The HyperTexts

Roger Hecht (1926-1990)

Roger Hecht published five books of poetry in his lifetime: 27 Poems, Signposts, Parade of Ghosts, Burnt Offerings, and a limited edition of his selected poems entitled A Quarreling of Dust. His poetry has appeared in national literary magazines, including The Paris Review, Poetry, The Kenyon Review, Quarterly Review of Literature, Sewanee Review, Choice, Minnesota Review, and Voyages where he served as an Advisory Editor. He was educated at Bard and at Kenyon College. James Wright wrote, “Mr. Hecht's … book, Parade of Ghosts, which spans four centuries, is simultaneously a long poem and a sequence of single poems individually realized. The author disappears inside his own poems and there addresses himself, through a spare and precise diction, to the complex drama of certain characters who are at once their own highly individualized selves and the embodiment of critical moments of American history. It is odd—and oddly reassuring—to read a new work of poetry written by an adult and offered without compromise to adult readers.”

Roger Hecht was the brother of the well-regarded American formalist poet Anthony Hecht.

The Literary Estate of Roger Hecht is offering Roger's books to the public for only the rounded-off cost of packing and shipping. Information on ordering books and an interview of Roger Hecht on tape can be found at the bottom of this page.

A Dead Young Woman

She was so beautiful that men would stand
At the astonished edge of awe
And terrified of what they saw
As if they viewed a thing not real
Captured in flesh without a flaw.
Yet she was prisoned in the undermind.

Who would have recognized her had she lived?
For pain sealed fast upon her eyes
The stare of one who sometimes sees
But does not smile or cry or feel
Either the need of Paradise
Or the need of love and of being loved.

Waiting for nothing half a life long,
Nothing occurred. And so she died
Alone, motionless, petrified
By shadows she had made her meal.
Now there is nothing left to hide
In earth of one not ever old or young

But only beautiful and firm as the crust
Glazing a sickle hill of snow.
And men know no more than men can know
Of terror and of terror's zeal
To shred the figment night and fragment day.
Her loveliness was her own cost.

To know is to suffer. I would prefer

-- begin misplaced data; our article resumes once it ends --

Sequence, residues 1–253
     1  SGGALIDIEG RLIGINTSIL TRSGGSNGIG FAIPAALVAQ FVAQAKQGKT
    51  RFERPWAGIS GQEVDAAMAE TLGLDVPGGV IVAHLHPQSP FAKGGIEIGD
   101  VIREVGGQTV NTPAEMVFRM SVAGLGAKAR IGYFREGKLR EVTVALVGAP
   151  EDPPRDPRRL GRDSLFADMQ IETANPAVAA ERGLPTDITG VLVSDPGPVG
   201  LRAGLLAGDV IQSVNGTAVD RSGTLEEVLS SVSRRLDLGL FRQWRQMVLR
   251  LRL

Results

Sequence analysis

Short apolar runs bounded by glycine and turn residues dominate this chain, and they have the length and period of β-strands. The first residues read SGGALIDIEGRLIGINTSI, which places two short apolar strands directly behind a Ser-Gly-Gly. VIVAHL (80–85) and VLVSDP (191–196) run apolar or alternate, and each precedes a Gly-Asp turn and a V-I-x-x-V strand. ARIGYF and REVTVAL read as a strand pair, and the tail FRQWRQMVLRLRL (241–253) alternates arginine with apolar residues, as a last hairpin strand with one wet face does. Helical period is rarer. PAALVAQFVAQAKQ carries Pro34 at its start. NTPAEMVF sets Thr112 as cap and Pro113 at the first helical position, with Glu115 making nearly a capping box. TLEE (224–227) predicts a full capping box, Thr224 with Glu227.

Never to have seen her laugh
Or fuss her hair or try to move
Away from phantoms of the real.
For memory prisons alive
Her ghost, but nothing, nothing like unto her.

Originally published in 27 Poems, Alan Swallow, 1966
Reprinted by permission of the author's literary estate.

On The Way To Damascus

                       ACTS, 9.

So to be possessed on the public road,
Tossed to the ground and on the ground to shake
Out of control for nothing, for no sake,
And not to feel the presence of one hand
Trying to comfort or acknowledge me,
And so to shake until each wrangling sense
Blots in blank sleep,—
Do the damned
Know the long desire to damn God?
So did I meet that animal, myself.

Did I wake to the day or into sleep
Or into dream or trance?
Around me blazed a lightfall bright as spray
Till light itself was all.
The voice inside the light said: "Kneel and pray
For more than your mere self. Once you stand
You will become my bait to catch the soul
Of every man that aches to live away
From what I am and from my servant, you,
You that now are Saul and Paul to be.
Of all that can be known love is most terrible."

Midnight at noon—where? Nowhere?. What am I
That all the dark should capture me?
What keeps me from the host of men?
O, my God, am I myself again?

Originally published in Signposts, The Swallow Press, 1970
Reprinted by permission of the author's literary estate.

Father And Son

THE FATHER:      When we went West we went for gold
                                And more dominion. The wide land held
                                Its body forth in perfect pride
                                Of bison, pony, bear, snake, bird,

                                Indian, fruit and the yawning stream.
                                The promised land?  Or Adam's dream?
                                Or was this savage lavishness
                                A foretaste of God's Paradise?

                                We found some gold. We killed with it
                                Since there's a lust or appetite